Researchers at The University of Texas MD Anderson Cancer Center have identified CD70 as being highly expressed on drug-resistant cancer cells in EGFR-mutant non-small cell lung cancer (NSCLC), highlighting a novel therapeutic target that could be used to eliminate resistant cells remaining after treatment with commonly used EGFR tyrosine kinase inhibitors (TKIs). The study published today in Cancer Cell.
The preclinical research was led by Monique Nilsson, Ph.D., and corresponding author John Heymach, M.D., Ph.D., chair of Thoracic/Head and Neck Medical Oncology. The researchers discovered that CD70, a cell surface protein normally found on immune cells, is highly overexpressed in resistant cells as well as in the residual cancer cells immediately following TKI treatment. They demonstrated that CD70 can be effectively used to target these cells with antibody-drug conjugates (ADCs) or cell therapies in laboratory models.
“Residual cancer cells left over from TKI treatment are essentially a reservoir from which future resistant cells eventually grow,” Heymach said. “These findings set the stage for a really promising approach in which we may give initial effective therapies and immediately follow them with these CD70-targeting drugs to eliminate the remaining residual cells.”
Approximately 10-15% of patients with NSCLC have EGFR mutations. While treatment with EGFR TKIs is effective at killing most cancer cells, a small number of drug-tolerant cells persist. These cells can remain dormant, even invisible, for long periods of time, but they eventually grow and metastasize.
Tumor cells can become resistant to EGFR TKIs through several mechanisms, including epithelial-to-mesenchymal transition (EMT). Tumors that have undergone EMT become broadly resistant to most known drugs, leading to a poor prognosis for relapsed patients and underscoring a critical unmet need to understand the mechanisms behind this acquired resistance.
The researchers in the study identified CD70 by conducting an integrated analysis of cell surface proteins in treatment-resistant NSCLC cells. Further investigation revealed that CD70 overexpression was also upregulated on the residual drug-tolerant cells, suggesting that increased CD70 is an early event in the development of resistant disease.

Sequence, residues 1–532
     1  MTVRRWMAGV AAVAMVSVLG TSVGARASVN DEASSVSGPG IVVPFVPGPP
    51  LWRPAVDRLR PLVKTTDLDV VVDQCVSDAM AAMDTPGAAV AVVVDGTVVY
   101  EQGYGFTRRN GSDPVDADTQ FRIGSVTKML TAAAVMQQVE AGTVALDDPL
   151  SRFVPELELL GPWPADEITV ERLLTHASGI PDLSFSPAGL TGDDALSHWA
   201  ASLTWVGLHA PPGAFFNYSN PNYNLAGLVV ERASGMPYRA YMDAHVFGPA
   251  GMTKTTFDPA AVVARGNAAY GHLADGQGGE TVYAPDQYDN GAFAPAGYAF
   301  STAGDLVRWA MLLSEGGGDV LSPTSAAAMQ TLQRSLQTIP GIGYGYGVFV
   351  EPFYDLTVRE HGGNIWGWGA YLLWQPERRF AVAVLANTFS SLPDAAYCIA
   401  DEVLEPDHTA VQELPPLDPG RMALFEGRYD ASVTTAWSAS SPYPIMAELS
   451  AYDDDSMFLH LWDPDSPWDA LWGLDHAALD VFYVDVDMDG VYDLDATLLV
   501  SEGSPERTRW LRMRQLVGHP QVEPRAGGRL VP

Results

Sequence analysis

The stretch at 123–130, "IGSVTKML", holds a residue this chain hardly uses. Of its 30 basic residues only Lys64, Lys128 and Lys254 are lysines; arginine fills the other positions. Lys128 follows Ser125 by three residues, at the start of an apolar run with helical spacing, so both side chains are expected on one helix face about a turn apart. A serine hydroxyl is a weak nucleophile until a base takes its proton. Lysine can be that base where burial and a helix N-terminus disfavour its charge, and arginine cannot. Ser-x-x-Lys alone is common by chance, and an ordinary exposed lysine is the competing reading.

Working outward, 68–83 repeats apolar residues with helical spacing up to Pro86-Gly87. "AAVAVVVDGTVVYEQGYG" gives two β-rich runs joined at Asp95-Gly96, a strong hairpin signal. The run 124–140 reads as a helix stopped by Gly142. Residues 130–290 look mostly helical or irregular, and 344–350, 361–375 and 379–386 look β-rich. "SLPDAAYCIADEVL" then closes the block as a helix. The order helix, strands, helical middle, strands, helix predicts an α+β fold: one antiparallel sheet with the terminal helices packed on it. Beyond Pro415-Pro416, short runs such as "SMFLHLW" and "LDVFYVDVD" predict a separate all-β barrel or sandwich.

“It was really encouraging to discover that CD70 was upregulated at such an early point in the evolution of drug resistance because it means we can target these cells quickly without needing to wait for them to develop full resistance,” Nilsson said.
Building on this discovery, the researchers demonstrated that CD70 could be used effectively to target these cells both in vitro and in vivo. Anti-CD70 ADCs as well as CD70-targeting chimeric antigen receptor (CAR) T cells and CAR natural killer (NK) cells each had significant anti-tumor activity, eliminating drug-tolerant residual cells in laboratory models.
While this study looked at CD70 in the context of lung cancer, its overexpression also is found in a number of different cancer types such as breast, pancreatic, ovarian, kidney and melanoma.
“We believe that the lessons we’ve learned from EGFR inhibitor resistance may be more broadly applicable, extending beyond these mutations and possibly applying to other tumor types that eventually develop EMT or other types of treatment resistance mechanisms,” Heymach said.
The authors point out that CD70-based therapeutic strategies currently are in clinical trials for other malignancies, and that the next steps would be to apply them to this specific disease setting.
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